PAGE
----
A professor of ethics from Chester University advises the ethics panel. Ethics meetings can be called as issues arise. Staff and the PCC can propose issues to be considered and this is advertised on the intranet. However, we found virtually no knowledge of the ethics panel among the workforce we spoke to. The constabulary should increase the awareness and effectiveness of the ethics panel and its procedures. This will make sure ethical dilemmas are raised and that what has been learnt is passed on to the workforce.

Most staff we spoke to had regular conversations with their supervisors, but it was rare to have ethical issues built into this. We found no monitoring of the annual integrity health check that should be completed between individuals and supervisors. It should work with its professional standards department (PSD) to make improvements. However, we were given some examples where officers have challenged the perceived standards of other officers.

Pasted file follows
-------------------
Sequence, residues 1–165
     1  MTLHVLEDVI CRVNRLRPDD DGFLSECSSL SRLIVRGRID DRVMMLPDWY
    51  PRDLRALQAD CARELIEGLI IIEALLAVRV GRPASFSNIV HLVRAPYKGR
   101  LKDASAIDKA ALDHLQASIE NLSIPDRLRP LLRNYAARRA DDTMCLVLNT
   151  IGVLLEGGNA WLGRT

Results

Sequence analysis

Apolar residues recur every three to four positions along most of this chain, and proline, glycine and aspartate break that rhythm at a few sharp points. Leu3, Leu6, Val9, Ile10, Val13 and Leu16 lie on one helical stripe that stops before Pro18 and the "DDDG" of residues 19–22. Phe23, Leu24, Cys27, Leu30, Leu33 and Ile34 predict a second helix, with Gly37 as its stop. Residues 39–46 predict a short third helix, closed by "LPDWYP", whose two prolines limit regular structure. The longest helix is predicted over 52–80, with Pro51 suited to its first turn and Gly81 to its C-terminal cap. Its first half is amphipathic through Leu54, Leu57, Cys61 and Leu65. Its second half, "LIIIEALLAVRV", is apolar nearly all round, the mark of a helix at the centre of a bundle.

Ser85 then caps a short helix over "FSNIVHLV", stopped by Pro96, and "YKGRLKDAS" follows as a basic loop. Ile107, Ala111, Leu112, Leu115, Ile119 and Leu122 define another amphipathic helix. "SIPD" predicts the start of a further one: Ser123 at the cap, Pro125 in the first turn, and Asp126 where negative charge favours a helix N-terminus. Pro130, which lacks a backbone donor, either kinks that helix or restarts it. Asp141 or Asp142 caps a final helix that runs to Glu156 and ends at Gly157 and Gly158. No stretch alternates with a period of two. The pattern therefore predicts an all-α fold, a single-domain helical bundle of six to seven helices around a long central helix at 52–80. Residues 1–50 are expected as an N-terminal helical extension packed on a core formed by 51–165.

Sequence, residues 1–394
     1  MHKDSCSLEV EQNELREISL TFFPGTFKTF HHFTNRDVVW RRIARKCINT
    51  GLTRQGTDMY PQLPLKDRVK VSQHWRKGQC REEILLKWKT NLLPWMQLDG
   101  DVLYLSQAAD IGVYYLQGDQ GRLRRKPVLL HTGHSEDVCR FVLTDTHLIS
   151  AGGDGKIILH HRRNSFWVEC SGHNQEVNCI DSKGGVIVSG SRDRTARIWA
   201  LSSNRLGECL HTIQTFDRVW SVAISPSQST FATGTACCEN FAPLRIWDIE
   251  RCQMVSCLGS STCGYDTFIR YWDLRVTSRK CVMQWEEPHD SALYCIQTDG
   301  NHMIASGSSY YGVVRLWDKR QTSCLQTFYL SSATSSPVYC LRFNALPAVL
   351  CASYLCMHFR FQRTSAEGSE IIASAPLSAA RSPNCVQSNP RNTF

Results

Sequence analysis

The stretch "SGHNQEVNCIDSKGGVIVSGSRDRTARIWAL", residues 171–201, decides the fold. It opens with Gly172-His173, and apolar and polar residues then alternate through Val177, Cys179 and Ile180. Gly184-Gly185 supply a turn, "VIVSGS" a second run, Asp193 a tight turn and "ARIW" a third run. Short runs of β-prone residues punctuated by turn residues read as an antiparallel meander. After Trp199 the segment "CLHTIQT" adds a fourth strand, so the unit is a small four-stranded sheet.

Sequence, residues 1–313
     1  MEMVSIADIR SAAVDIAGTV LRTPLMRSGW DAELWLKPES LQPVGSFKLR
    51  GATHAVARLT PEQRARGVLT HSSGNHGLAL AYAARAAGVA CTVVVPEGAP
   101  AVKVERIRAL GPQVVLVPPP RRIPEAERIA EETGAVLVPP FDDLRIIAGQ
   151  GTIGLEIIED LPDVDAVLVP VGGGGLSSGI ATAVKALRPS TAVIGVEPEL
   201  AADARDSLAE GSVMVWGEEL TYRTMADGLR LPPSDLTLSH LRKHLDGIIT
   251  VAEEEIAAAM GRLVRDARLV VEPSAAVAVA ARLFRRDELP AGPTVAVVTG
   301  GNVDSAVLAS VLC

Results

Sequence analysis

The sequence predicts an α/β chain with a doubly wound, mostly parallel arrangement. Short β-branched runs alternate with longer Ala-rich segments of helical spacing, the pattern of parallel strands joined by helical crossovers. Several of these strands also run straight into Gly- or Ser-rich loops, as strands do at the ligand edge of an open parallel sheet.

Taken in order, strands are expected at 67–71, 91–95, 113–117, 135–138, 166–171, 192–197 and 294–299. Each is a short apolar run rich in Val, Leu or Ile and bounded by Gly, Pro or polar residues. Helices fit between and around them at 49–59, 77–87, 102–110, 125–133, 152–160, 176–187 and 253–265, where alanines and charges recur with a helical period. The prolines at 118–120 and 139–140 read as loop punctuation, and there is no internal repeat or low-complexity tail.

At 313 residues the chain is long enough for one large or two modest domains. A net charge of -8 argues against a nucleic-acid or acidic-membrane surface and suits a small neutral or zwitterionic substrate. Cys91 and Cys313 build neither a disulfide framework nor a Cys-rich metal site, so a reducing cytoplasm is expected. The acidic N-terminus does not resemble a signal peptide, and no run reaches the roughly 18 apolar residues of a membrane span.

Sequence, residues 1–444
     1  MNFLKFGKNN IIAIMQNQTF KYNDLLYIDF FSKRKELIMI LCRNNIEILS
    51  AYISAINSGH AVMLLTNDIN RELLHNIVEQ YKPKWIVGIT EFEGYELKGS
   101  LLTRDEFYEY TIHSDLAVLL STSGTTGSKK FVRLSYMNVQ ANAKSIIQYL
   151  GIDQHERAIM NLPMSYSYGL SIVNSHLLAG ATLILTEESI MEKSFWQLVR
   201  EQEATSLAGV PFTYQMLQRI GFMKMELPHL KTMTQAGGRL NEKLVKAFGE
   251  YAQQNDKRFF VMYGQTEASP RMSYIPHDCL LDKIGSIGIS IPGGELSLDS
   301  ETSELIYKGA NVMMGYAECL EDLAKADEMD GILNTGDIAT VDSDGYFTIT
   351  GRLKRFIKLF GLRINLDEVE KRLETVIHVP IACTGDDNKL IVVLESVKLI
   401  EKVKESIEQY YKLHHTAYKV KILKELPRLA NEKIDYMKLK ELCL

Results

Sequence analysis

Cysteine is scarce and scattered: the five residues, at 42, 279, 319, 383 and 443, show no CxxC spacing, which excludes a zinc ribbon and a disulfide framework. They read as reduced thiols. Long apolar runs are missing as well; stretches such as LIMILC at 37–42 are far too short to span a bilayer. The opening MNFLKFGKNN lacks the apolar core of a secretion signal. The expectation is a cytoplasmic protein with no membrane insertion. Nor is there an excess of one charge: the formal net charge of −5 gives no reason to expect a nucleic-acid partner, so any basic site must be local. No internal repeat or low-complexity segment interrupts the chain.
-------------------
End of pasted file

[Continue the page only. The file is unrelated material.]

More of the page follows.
We were pleased that most of the workforce we spoke to considered that the constabulary now has an open learning, rather than a blame, culture. The PSD shares an open learning policy, which is positive. The PSD has completed an area for improvement we identified in 2017. It has improved the information provided to complainants and the recording of complaints.

The constabulary complies with the National Vetting Code of Practice and authorised professional practice (APP) when recruiting. This includes contractors and volunteers. But it doesn’t monitor vetting decisions to identify disparities (e.g. BAME groups). As a result, it doesn’t act to reduce them where appropriate. This is something it needs to consider.